Why Your New Media Campaign Failed

Published On June 24, 2009 | By mbalogh | Blog, Uncategorized

Passion & Greed.  That’s it.  Those two words account for so much failure in new media, I can’t even begin to tell you.  But I can tell you why, and you can fix it. We’ve all been there.  Sitting in the brainstorming meeting feeling the energy.  Organizing ideas, turning ideas into goals, and building plans to meet those goals.  And it’s good.  500 twitter followers, 750 facebook friends and 1000 blog readers by third-quarter of next year.  Plans turn to implementation, and you slowly begin notice it.  We got greedy.  When did it happen?  How did it happen?  Does this sound familiar?

"We’re collecting email address when they sign-up for our newsletter, why not collect name too.  Name is a very common field, it should not impact our result, much.  To get our club offers in the mail they’ll also need address, but we won’t make it required, so it should not impact our result, much.  We’ll just add some text explaining.  Our partners ask that we add a checkbox for marketing permission.  Again, optional.  And some preferences so that we can utilized this new media stuff to really segment them, just a couple check boxes… and we can save the extra data to our main database.  IT says we should use captcha since we’re now sending a thank you email and allowing for send-to-friend functionality.  This form is getting quite long now, should we make a second page so we don’t lose too many potentials?"

It’s just that easy.  We lose sight of the goal, just blur it a little, and a little more, until what once seemed reasonable has now become a nearly impossible task for even the largest campaigns.  What started off with a simple goal, make friends & cultivate relationships, is no longer marketing 2.0.  This is a base.  In itself not anymore profitable then a barbecue and stimulating conversation with your neighbor.  The goal is to create the base, not to utilize it.  That comes later.  Much later.

Look, for instance, at the same situation in a new setting, a real setting.  You’re at that same neighbor’s barbecue and you make a new friend, except this time you’ve brought a notebook.  You introduce yourself as the company you work for.  You take notes on their likes and their dislikes and offer nothing of yourself.  You ask for their full name and address, email (ask twice — make sure they got it right), maybe phone number, but don’t argue if they refuse.  You ask if they mind if an associate contacts them to sell them something else based on the information they’ve provided.  Then, at the end of the conversation, you say "we should be friends."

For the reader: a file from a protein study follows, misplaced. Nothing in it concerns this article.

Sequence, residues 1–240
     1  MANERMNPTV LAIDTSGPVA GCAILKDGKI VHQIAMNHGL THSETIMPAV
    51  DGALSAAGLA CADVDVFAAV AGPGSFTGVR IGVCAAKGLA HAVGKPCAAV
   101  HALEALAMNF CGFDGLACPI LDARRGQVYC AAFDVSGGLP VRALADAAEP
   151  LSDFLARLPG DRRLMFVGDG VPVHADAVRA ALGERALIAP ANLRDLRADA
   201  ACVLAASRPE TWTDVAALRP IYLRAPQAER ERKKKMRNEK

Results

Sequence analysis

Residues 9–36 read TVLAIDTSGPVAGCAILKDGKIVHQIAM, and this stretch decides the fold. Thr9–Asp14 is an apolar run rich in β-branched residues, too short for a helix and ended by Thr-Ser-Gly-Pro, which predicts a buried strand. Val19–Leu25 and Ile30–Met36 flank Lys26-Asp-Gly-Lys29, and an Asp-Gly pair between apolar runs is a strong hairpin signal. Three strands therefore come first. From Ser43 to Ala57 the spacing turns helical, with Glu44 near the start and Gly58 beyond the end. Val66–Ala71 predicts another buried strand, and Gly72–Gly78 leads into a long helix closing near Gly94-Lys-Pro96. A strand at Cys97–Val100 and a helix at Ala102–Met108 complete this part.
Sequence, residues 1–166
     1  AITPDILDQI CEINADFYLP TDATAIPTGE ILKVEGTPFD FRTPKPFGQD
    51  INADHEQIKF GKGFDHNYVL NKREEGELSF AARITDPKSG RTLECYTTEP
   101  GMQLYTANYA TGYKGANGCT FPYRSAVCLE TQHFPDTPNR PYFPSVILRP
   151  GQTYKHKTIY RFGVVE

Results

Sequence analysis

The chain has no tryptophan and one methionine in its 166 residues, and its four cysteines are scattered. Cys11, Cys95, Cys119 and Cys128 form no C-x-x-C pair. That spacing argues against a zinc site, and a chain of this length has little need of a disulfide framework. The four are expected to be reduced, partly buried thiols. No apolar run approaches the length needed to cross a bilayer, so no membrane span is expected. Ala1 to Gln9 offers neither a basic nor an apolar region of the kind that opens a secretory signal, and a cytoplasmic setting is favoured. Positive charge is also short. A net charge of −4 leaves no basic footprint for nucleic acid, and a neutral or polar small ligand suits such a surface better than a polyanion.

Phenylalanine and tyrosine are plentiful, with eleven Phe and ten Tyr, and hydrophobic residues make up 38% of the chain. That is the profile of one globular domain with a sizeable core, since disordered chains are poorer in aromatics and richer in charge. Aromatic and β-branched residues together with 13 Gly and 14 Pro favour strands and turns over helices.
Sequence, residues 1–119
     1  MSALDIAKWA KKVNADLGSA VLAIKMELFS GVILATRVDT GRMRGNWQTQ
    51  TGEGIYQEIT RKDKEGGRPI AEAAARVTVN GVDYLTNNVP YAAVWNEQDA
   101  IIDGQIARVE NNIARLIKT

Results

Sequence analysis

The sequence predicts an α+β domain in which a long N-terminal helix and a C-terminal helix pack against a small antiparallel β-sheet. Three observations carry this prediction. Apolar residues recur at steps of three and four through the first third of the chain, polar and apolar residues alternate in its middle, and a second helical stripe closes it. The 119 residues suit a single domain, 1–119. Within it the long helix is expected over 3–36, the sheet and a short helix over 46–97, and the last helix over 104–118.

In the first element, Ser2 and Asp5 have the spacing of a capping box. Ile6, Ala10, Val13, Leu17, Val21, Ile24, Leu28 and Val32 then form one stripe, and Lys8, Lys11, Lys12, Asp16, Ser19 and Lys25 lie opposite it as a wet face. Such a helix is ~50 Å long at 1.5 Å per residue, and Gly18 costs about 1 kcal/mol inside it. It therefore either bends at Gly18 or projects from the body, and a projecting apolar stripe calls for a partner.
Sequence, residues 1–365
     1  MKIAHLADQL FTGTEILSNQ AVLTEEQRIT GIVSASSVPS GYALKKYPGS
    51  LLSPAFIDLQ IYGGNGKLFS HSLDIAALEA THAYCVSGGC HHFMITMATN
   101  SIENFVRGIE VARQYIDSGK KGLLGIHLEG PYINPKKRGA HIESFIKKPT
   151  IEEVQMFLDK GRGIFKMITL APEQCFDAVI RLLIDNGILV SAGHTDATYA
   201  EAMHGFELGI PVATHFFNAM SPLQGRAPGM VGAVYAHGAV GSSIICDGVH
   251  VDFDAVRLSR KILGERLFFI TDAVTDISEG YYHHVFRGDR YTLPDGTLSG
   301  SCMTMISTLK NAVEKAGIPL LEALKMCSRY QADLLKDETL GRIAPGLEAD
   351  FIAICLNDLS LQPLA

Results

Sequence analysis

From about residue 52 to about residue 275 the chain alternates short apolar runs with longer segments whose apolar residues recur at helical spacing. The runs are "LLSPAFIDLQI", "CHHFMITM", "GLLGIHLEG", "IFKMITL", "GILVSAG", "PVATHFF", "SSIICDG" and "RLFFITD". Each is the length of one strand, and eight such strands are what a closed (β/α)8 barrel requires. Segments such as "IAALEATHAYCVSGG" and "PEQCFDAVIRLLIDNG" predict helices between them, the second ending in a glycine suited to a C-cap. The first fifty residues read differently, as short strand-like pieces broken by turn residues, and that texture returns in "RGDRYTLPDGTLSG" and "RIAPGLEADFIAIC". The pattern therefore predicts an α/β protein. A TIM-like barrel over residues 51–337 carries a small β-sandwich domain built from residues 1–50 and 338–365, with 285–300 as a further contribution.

Just as easy, but slightly different in it’s execution, is the dispassionate blogger or the twitter friend with nothing to say.  I hear this all the time: "let’s give it a try" and "we’ll proceed cautiously by funding it after we see some results."  After?  You expect it to fail and you’re insuring against it.  Your heart is not in it; there’s no passion.  Your content will reflect this.  You are not putting your best foot forward yet you still expect people to respond.  Or do you?  Your blog has nothing to say because you’ve allotted no time (money = time) for research.  Your twitter account is stagnant except for a few remarks on the weather or a conference you attended.  You’ve created a facebook profile to which all your employees were told to friend just to seed it.  To reiterate… "employees were told to friend."  Not even your employees have an interest.  Would you respond to this?  Do you still expect your customers to?  Your goal has shifted; the scope has creeped.  You are no longer interested in making friends and cultivating relationships.  You are now looking for results.

Greed and lack of passion have perverted the original new media goal into a carnivorous idea such that you either must make friends and profit from them at the same time, or offering nothing of yourself and ask your customers to do all the work on faith.  These ideas feed off themselves in a negative way.  They would not survive in society therefore they cannot survive in new media.  Not without constant attention.  Your attention.  And then you realize.  You’ve failed.

Don’t do that.

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2 Responses to Why Your New Media Campaign Failed

  1. Nadya Tatarciuc says:

    Interesting article, to which I would add that the motivations for launching a blog or a twitter account are key. Building relationships on social media platforms relies on content usability and trust. Normally you’d start a blog if you’d “have something to say”, rather than because it’s just trendy.

    • mbalogh says:

      I totally agree. In this article something to say falls under the passion part of this post though I don’t come right out and say it. You’re right though, I probably should have. I touch on that in other articles because I’ve seen too many companies create a blog or twitter account and then do nothing but advertise on it. That’s not having something to say. That’s not utilizing new media or social networking. GM, for instance, only ever tried to get me to buy a car when I followed them on twitter where I was expecting them to tell me what’s going on and what are they doing different, what’s innovative, maybe start a dialog to utilize the strength of the media.

      Here’s another article that touches on this in the way you describe:

      Thanks for posting.
      – Matt

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